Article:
4 Replies Latest reply: Feb 4, 2008 11:44 AM by neptune2000
Garrett Murray Level 1 Level 1
Help me solve a problem: I currently have an Airport Extreme Base Station (N) in my office, which is about 30 feet away from my television, Xbox 360, et al. The AEBS is currently serving wifi in mixed N/G/B mode, because everything in the entertainment center (save the Apple TV), and my iPhone, is only G capable. Of course, this creates a far slower network. I’d like to have everything in the living room, particularly the Xbox 360 and Apple TV, running as fast as they can because I play Xbox Live and I sync loads of content to the Apple TV (and imagine syncing more in the future with rentals and HD stuff).

Today, my Xbox wireless adapter died. It will cost $99 to replace. That made me realize that now is the time to either buck up and buy a replacement, or spend a little more and solve my problem.

I cannot run ethernet cable to the living room, unfortunately. That’d be my best option, but it’s out.

Here’s what I propose, but I don’t know if it will work: I switch my current AEBS to N-only mode and then I buy another AEBS and have it set to extend the current network and place it behind the TV. I plug the Xbox, TiVo and PS3 directly into the new AEBS. The base station only has three ethernet ports, so I wouldn’t be able to plug the Wii in. But, to be honest, I very rarely use the internet features of the Wii so I might be willing to sacrifice them.

Of course, this also means the iPhone won’t have wifi in the apartment. But at this point, if it’s the only thing holding me back from having a good, solid connection to Xbox live and such, I’m willing to use EDGE in the apartment.

I could also get a non-Apple wifi router and use that instead. My fear with that is that it won’t play nice, as I’ve experienced in the past. Does anyone out there have good advice?

Remember: The goal is to get all of the stuff in my living room hooked up to the fastest possible connection (in this case, ethernet on an N network).

24-inch iMac 2.4GHz Core 2 Duo, 4GB RAM, Mac OS X (10.5.1)
  • DaddyPaycheck Level 6 Level 6
    Hi Garrett Murray-

    This should be helpful: Designing AirPort Networks Using AirPort Utility

    Page 48.


  • art4mad Level 1 Level 1
    Garrett- I did this exact thing in my home... used a second base AEBS and expanded the network with WDS, plugging in th Xbox, HD-DVD player and Wii. It worked so well I added a third one in my basement for my home theater.

    However I read in a different thread here that using multiple AEBS in a WDS seriously reduces bandwidth and network speed.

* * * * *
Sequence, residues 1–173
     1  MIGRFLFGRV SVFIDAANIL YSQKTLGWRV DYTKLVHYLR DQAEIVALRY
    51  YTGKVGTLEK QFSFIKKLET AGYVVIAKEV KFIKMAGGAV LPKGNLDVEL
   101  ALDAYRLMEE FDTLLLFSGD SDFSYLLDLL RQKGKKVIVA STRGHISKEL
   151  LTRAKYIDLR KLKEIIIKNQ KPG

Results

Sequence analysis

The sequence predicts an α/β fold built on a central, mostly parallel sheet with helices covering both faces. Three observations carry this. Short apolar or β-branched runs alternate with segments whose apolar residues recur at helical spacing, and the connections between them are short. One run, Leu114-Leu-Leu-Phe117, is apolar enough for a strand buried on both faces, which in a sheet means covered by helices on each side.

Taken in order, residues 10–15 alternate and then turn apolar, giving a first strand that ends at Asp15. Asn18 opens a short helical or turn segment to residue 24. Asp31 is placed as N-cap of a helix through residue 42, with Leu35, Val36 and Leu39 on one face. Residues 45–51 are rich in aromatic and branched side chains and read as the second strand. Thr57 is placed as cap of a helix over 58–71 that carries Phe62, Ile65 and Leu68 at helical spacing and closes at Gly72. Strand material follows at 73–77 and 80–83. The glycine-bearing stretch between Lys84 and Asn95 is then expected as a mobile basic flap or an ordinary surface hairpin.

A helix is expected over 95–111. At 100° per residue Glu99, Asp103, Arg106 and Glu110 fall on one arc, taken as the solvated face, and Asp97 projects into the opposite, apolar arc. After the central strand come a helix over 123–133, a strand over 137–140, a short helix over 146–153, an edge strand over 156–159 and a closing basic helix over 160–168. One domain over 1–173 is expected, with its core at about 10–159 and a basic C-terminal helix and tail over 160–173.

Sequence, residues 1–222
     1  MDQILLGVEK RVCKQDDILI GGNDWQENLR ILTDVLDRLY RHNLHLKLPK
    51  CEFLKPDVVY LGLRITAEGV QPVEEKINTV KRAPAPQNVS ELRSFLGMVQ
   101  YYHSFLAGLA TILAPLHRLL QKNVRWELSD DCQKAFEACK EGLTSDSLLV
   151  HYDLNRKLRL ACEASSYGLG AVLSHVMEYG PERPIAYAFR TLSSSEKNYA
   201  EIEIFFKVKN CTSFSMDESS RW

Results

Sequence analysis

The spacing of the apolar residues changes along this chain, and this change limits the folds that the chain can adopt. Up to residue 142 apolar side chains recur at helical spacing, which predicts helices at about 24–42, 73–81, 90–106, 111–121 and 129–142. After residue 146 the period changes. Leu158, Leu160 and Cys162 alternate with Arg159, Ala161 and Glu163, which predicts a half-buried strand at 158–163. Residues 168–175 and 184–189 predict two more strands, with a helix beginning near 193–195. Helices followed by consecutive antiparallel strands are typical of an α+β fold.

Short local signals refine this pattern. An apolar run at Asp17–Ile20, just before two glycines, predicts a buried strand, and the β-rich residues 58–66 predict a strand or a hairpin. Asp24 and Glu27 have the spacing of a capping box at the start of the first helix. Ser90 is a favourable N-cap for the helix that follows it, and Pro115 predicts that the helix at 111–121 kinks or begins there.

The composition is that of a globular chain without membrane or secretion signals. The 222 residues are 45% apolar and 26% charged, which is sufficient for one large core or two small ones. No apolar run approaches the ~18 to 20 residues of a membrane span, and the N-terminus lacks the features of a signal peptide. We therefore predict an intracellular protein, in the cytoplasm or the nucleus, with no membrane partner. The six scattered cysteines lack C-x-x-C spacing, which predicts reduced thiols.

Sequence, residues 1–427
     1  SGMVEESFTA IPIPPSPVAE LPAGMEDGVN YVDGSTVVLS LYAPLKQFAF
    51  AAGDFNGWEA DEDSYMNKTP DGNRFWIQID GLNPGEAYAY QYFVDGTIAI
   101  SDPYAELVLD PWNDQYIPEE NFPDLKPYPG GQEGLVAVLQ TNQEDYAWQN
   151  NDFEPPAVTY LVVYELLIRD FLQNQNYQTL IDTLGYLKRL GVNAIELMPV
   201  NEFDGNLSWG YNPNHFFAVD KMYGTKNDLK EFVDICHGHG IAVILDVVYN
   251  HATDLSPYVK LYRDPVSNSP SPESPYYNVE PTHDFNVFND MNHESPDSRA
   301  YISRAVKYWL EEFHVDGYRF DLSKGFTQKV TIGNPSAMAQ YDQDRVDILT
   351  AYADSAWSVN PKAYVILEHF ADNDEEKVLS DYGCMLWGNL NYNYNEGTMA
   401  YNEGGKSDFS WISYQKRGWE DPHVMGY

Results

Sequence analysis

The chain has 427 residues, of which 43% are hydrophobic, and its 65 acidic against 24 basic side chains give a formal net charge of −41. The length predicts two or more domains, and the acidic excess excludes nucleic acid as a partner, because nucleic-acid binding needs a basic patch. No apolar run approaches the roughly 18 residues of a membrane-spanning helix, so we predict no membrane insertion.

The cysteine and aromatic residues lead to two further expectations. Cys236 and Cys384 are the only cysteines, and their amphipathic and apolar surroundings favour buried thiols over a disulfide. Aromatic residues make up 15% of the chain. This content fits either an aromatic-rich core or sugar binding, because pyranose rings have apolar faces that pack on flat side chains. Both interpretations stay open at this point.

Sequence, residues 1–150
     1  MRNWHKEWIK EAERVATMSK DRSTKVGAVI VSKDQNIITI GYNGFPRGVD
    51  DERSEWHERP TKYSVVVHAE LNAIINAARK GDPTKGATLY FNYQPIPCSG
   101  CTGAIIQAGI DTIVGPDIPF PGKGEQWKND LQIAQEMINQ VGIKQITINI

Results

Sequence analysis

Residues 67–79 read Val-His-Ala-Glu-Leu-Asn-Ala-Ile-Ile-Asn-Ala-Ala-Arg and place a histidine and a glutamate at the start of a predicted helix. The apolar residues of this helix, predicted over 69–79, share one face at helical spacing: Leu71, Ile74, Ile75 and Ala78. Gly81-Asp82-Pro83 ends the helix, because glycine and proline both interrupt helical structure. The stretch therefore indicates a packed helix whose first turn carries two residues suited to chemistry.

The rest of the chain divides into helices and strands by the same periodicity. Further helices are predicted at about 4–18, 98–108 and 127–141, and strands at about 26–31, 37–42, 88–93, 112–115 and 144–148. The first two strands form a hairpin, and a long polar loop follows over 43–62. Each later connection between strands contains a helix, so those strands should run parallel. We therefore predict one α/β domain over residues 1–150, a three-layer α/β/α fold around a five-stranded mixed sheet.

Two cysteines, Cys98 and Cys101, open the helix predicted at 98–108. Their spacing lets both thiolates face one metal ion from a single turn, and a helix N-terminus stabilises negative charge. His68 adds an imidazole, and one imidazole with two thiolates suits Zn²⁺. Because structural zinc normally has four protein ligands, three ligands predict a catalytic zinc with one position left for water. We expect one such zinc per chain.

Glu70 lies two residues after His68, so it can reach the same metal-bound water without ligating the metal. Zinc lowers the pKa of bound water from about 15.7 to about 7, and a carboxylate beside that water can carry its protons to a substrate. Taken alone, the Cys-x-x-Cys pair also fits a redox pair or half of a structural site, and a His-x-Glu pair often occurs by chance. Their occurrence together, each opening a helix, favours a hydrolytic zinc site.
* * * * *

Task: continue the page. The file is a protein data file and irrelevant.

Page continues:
Can anybody verify that? Garrett is looking to keep that "N' speed.
  • neptune2000 Level 3 Level 3
    I had the same problem and have a complete solution for you:

    1. buy the second AEBSn
    2. Buy a cheap ($30) 802.11G router
    3. Buy an 8-port switch (another $30-$40)
    4. Set the AEBSn-s to use 802.11n-only at 5Ghz.

    5. Connect the 802.11 G router to one of the ethernet ports of the "base station", not the extended. You have to configure this router as a "bridge", no NAT, no DHCP. This will provide service to your iPhone and other 802.11G devices.

    6. Connect the switch to one of the ethernet ports on the "extended" AEBSn.

    7. connect all your "wired" devices to the switch.

    Notice that your wireless network will NOT work at "n" speeds, but at about 1/3 of that, since when you "extend" the network that is a performance penalty. You 'll end up with about 108 Mbps (vs. the 54Mbps of 802.11g). Still better, but not quite the 300 Mbps that you will get with a single AEBSn using "n" devices only.

    I can recommend both the switch and the 80211.G router, if you wish, but many will work.
  • neptune2000 Level 3 Level 3
    art4mad wrote:

    However I read in a different thread here that using multiple AEBS in a WDS seriously reduces bandwidth and network speed.

    That is correct. When you extend the network you move from a maximum of 300 Mbps to about 108 Mbps. You mileage will vary.

    Can anybody verify that? Garrett is looking to keep that "N' speed.

    There is NO way to do that will multiple AEBSns. The only way to do that is to use a single AEBSn, set up in 802.11n-only, 5 GHz, which of course will connect ONLY to 802.11n devices.